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President George W. Bush today released the details of his 2003 Department of Defense budget proposal to fight the war against terrorism, provide for homeland defense and accelerate changes to transform the U.S. military. To address these needs, the President's budget proposes $369 billion for DoD plus $10 billion, if needed, to fight the war on terrorism - for a total of $379 billion.

The budget is an investment in the nation's most important priority in a world of constant change: a fundamental transformation in ideas, attitudes and action. The budget and the process of transformation it represents are based on the two primary responsibilities for the Department of Defense: to protect our nation and invest tax dollars wisely.

The roadmap for transformation is the Quadrennial Defense Review, a comprehensive examination of defense priorities. The road test has been the war against terrorism, which has witnessed the integration of horseback warriors with high-tech weapons, confirming the need for transformation while helping shape our priorities.

That process concluded that - to prevent and, when necessary, prevail in - the unconventional wars of the 21st Century, the United States needs solid intelligence, high-tech tools, the abilities to project force over long distances, hunt down hidden enemies, and, most important, well-trained and motivated people.

The 2003 budget balances immediate threats to national security with the long-term process of military transformation by:

Defending the American People

* Winning the War Against Terrorism and Protecting the U.S. Homeland

The President added $10.1 billion to the DoD budget bringing the total to $369 billion. Of this increase, approximately $9.4 billion is to strengthen our fight against terrorism. In addition, the budget includes $7.8 billion for missile defense, and an added $300 million to counter biological attacks.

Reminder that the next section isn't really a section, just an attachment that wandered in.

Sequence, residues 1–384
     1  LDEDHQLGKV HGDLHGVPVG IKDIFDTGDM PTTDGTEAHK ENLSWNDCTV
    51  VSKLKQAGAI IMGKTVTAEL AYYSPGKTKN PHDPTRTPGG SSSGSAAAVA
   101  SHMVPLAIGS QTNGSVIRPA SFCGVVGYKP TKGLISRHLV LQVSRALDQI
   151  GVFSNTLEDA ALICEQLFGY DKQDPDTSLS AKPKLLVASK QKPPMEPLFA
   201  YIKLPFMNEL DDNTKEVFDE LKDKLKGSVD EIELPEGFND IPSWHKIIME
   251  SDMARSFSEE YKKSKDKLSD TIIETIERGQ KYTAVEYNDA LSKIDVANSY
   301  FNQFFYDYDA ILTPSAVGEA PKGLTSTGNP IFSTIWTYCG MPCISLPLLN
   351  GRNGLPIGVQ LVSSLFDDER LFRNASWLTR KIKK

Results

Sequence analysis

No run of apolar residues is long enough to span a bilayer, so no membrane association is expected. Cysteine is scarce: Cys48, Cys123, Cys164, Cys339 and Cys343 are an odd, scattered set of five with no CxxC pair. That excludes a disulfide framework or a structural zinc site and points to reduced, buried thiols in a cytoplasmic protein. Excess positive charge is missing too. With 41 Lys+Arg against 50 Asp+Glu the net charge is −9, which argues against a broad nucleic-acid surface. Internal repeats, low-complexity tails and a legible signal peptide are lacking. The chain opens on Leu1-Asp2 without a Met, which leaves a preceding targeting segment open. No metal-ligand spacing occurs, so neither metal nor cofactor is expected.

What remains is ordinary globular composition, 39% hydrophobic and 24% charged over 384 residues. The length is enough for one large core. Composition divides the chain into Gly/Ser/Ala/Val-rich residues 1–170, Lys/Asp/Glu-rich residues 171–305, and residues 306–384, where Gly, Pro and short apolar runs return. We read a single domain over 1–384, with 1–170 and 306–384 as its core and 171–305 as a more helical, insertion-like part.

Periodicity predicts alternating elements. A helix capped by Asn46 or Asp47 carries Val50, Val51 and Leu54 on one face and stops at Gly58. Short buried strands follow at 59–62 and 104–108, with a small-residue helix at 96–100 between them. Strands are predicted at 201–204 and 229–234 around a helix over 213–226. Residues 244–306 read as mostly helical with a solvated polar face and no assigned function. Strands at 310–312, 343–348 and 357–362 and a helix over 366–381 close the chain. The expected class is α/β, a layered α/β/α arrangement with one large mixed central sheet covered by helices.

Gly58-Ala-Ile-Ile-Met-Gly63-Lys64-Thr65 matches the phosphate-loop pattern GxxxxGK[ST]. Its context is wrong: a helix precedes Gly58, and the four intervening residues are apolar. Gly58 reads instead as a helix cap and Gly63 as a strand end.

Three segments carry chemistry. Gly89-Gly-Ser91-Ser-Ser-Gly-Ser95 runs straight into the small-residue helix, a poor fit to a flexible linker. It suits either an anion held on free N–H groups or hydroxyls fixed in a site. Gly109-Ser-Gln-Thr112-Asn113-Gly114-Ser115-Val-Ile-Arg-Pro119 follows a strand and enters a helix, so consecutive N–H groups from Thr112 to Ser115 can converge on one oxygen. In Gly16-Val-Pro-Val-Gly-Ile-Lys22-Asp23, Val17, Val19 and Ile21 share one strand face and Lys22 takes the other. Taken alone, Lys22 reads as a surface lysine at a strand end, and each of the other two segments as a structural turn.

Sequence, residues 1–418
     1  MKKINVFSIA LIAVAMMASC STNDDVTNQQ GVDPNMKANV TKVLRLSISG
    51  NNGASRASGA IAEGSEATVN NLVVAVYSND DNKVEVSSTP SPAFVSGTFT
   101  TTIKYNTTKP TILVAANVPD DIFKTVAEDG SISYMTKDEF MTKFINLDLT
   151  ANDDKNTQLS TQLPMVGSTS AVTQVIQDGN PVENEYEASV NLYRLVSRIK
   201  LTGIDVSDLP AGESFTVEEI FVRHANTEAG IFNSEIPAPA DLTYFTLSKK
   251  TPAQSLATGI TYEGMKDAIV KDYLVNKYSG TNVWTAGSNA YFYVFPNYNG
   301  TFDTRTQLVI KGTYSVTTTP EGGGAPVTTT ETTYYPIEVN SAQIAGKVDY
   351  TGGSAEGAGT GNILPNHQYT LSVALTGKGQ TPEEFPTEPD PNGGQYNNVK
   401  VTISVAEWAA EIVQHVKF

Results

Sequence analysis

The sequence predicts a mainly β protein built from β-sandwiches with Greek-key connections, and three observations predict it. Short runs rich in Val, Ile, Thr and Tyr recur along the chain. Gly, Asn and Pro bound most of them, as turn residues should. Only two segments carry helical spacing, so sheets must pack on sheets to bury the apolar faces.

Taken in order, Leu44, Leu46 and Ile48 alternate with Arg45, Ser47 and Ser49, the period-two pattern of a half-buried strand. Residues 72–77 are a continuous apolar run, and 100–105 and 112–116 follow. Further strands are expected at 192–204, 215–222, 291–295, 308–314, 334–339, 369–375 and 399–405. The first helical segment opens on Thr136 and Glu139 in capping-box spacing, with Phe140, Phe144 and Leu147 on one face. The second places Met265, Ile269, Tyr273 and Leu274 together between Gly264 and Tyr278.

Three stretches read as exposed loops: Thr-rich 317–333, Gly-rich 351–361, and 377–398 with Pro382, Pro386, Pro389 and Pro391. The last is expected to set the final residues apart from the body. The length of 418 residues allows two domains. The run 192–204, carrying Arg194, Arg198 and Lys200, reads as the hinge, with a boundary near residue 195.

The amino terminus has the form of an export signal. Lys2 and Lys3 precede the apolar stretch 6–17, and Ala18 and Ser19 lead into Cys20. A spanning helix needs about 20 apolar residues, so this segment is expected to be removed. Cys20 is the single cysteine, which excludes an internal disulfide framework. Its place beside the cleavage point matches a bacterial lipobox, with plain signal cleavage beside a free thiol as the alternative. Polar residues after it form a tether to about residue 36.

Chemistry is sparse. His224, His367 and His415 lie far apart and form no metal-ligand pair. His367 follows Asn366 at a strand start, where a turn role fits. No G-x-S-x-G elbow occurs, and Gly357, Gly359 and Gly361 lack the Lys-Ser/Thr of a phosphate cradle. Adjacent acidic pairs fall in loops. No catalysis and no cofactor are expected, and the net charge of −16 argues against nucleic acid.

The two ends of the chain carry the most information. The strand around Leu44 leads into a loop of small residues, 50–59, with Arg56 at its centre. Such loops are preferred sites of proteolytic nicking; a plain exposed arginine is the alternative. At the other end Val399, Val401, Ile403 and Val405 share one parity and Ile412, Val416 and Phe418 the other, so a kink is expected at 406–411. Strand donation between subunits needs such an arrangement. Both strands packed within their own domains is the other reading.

* A new approach to security

The budget reflects two major changes in DoD policy. First, the budget focuses on the capabilities needed to counter different types of threats rather than trying to anticipate where those threats may come. Second, the budget expands the definition of the nuclear triad from the traditional sea, air, and land based nuclear weapons to that of offensive nuclear and non-nuclear weapons, missile defenses, and responsive infrastructure. This New Triad will enable the U.S. to reduce the number of nuclear warheads.

Creating the Military of the 21st Century

* Saving over $9 billion from management and program changes

The budget reflects savings of over $9 billion from management changes and from the termination, reduction, and restructuring of various programs.

* Investing in people

Transformation depends most of all on well-trained and motivated people. The budget includes a 4.1 percent increase in basic pay with an option for targeted raises for mid-career personnel and those with skills in high demand in the private sector.

* Encouraging Innovation and Collaboration

The military cannot win the battles of the 21st century by working in isolation, much less in competition. The budget invests $5.5 billion in a superior command, control, and communications infrastructure that moves a high volume of warfighting information, plus $826 million to develop a new communications system to provide survivable, secure communications for the warfighter.

* Investing in the technology of 21st Century warfare.

The most important battles of the 21st Century may not be clashes between armies, navies and air forces. Instead, the U.S. is likely to face unconventional enemies that will be defeated with intelligence, precision weapons and agile forces. The budget includes substantial investment to improve intelligence-gathering and $9.9 billion for Science and Technology (S&T) programs. It also invests $1 billion in unmanned vehicles, from surveillance planes to underwater systems. The budget also includes $1 billion to convert four submarines that now carry nuclear weapons to instead fire cruise missiles from stealth locations and insert Special Forces into battle.

* Improving the way the Department of Defense operates.

The budget asks Congress for more flexibility to transform the Department of Defense while accepting more responsibility for delivering results. In addition, it moves more DoD resources from the bureaucracy to the battlefield, to include progressing toward reducing all headquarters staff by 15 percent.

Transformation: A Long Process that Begins Now

This budget represents a significant transformation in both attitude and action. Transformation will be a long, difficult process. But in an organization of the military's size, a small amount of change goes a long way. And while the process of transformation will not be complete with a single budget, it can begin in one. There has never been a more compelling time to start.

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